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Standby Switches - where are they?

post #1 of 10
Thread Starter 

I'm guessing this has been discussed on numerous occasions already, but I wasn't able to find it anywhere on the forum even after extensive searching.  My question is this:

 

Why are there typically not standby switches on headphone amplifiers using tubes?  

 

A standby switch allows you to leave the plate voltage supply off while the tubes warm up, and then switch it "on" when you are ready to listen.  This can extend the lifespans of the tubes by as much as 50%.  I'm curious that I never see these on headphone amps.  Anybody have any input?

post #2 of 10

Ray Samuels puts them on his amps. 

post #3 of 10

My "Tube amp in the works" has one.

 

It uses a differential input with a diamond buffer output.

Without the feedback, the DC offset is not controlled.

The standby switch enables the tubes to warm up before

applying voltage...much safer for accidentally left connect

headphones.

post #4 of 10
Thread Starter 

I'm not familiar with diamond buffers.  A bit of googling suggests that its a fancy solid-state AB power buffer, yes?  I could see how DC swings during preamp warm-up could be ... detrimental to the life of one's headphones.

 

I almost wonder if the damage done by applying plate voltage before the tubes are properly warmed applies more to amps with (A) high plate voltages and/or (B) big power pentodes.  I know standby switches are popular on high-powered guitar amps, which tend to run their preamp triodes at around 200V at the plate as opposed to the 100v or so you tend to see on hifi amps.  They tend to run their power tubes pretty hard as well.  Could be at that high a voltage there's more damage with unwarmed tubes.

 

Then again, in the "Audio Cyclopedia", they talk about standby switches as well, and that's mostly talking about hi-fi amps.  Hmm...

post #5 of 10

Big power tubes are subject to cathode stripping if you apply high voltage before they are warm.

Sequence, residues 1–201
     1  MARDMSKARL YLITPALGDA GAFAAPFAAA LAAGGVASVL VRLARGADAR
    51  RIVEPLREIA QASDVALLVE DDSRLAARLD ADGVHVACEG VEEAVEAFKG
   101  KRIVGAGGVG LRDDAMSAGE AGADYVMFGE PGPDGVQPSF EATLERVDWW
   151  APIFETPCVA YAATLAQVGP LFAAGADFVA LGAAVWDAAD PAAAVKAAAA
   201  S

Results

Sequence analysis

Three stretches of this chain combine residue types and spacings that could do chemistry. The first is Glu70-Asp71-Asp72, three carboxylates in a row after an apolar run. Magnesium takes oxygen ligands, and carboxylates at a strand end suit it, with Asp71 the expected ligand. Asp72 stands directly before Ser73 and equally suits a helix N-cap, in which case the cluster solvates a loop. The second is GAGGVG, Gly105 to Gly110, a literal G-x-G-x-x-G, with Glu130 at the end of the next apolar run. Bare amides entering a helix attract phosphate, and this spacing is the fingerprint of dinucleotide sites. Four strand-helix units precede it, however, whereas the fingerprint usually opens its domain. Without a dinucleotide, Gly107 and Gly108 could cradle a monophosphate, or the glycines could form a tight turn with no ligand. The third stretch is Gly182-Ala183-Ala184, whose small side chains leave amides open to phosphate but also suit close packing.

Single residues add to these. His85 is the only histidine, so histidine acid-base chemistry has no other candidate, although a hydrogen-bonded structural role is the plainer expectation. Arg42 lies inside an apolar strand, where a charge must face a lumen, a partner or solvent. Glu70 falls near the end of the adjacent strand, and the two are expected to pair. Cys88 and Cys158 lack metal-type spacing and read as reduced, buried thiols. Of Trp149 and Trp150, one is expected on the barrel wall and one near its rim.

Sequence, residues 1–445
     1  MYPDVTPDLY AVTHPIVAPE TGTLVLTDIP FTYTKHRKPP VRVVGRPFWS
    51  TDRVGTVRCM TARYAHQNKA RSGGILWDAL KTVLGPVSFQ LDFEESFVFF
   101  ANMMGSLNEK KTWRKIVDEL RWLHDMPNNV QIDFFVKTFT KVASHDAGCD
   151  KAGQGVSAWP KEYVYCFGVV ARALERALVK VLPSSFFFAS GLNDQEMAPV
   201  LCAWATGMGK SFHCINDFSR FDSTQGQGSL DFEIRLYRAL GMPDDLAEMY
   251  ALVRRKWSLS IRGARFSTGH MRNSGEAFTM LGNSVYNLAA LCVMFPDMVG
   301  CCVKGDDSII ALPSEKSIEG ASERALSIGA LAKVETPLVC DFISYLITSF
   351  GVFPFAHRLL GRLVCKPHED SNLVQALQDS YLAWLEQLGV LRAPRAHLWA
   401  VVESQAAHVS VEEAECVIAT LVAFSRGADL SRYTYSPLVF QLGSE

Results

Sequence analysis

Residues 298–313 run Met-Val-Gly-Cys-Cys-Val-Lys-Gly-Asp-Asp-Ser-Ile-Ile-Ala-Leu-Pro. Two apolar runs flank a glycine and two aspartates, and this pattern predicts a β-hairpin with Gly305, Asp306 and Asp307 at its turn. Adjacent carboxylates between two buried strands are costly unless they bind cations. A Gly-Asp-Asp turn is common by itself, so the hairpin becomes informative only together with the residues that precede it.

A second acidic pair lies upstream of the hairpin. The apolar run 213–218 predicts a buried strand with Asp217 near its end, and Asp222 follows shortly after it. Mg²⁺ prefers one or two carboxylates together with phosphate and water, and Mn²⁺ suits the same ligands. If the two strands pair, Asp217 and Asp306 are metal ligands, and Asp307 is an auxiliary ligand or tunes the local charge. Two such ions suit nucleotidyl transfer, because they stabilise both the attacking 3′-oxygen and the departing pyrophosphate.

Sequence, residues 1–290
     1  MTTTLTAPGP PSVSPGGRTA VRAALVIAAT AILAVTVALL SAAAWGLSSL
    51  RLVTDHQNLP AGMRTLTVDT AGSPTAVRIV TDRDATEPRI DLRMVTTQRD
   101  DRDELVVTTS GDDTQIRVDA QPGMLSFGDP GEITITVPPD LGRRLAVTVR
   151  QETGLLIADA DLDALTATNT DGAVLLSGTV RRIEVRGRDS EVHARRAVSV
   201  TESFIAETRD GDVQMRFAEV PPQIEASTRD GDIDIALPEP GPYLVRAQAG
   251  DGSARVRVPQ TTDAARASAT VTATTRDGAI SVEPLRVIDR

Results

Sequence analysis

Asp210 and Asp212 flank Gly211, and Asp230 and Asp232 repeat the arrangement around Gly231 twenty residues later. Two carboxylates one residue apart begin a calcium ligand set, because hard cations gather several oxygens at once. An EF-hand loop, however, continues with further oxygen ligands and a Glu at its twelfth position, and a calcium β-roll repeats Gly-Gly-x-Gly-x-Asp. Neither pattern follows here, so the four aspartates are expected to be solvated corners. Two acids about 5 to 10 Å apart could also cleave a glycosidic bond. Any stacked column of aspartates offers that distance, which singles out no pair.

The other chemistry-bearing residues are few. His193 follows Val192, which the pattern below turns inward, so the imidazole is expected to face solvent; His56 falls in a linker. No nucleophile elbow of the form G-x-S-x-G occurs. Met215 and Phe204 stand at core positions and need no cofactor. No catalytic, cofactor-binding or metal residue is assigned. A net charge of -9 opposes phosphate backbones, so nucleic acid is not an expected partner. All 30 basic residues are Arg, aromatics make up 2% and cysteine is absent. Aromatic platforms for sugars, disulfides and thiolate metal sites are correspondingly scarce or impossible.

Tube rectifiers were designed to warm up much slower to prevent this from happening.

el34,kt88,6550 and especially 6c33 are some of the tubes that this happens too.

But it also depends on the plate voltage. Mcintosh mc275 is an example of a unit

with no delay, and solid state rectification and the tubes on that thing last a very long

time.

 

Not a problem with preamp tubes.

post #6 of 10
Thread Starter 

Thanks Kevin.  I figured it must be something like that.  Those dual triodes are nearly indestructible.  Well, if you run them overcurrent they tend to ... blacken ... somewhat, but you know what I mean.  Destroyed a nice pair of 12AU7s that way.  I'm guessing low-power pentodes like EL84s and the like probably don't have too much of an issue either.

 

I think I'll still plan on using one on my current build though.  Its kind of nice to have a standby switch, even beyond the tube-preservation angle.

post #7 of 10

If you have a low voltage around (say 12v) then a 555 timer and a relay makes

a good time delay. Easy if you use the tubes at 12v filament only.

 

But you really need two transformers this way, one for

the filaments, and another for the high voltage.  Switching the high voltage

live usually destroys the relay's very quickly. Or you need a pass fet with

an RC circuit to come up slow and go down quick.

post #8 of 10
Thread Starter 

I always wondered at the feasibility of using a single transformer and a boost converter for the high voltage.  I know the purists tend to frown on switching regulators for audio amps, but if you design them right they tend to have very little ripple.  Plus, if you switch fast enough - say 1MHz - you wouldn't be able to hear it anyway.  Then you could use a microcontroller to switch it, waiting a bit for the warm-up and then slowly bringing it up from a duty cycle of zero.  Plus, as long as you're running a Class-A amp, the current load will be basically constant, so you shouldn't have any overvoltage DCM issues.  Drawbacks would be the need for a pretty massive capacitor and good-sized inductor, but those might be cheaper than the conventional transformer power supplies.  I may try that for my NEXT next build.

post #9 of 10

I have used boost and buck converters in my amp designs with really good results, as you said the switching frequency is high enough that our ears would never notice the ripple. To bring slowly the B+ you can use a mosfet with some zenners and a capacitor in the gate

post #10 of 10
Thread Starter 

Good to know.  I may try using a single high-voltage transformer for a mains supply and using a buck to produce the filament supply in a future build.  I'm not sure that it will really be any more space-, power-, or cost-efficient, but it would be an interesting exercise.

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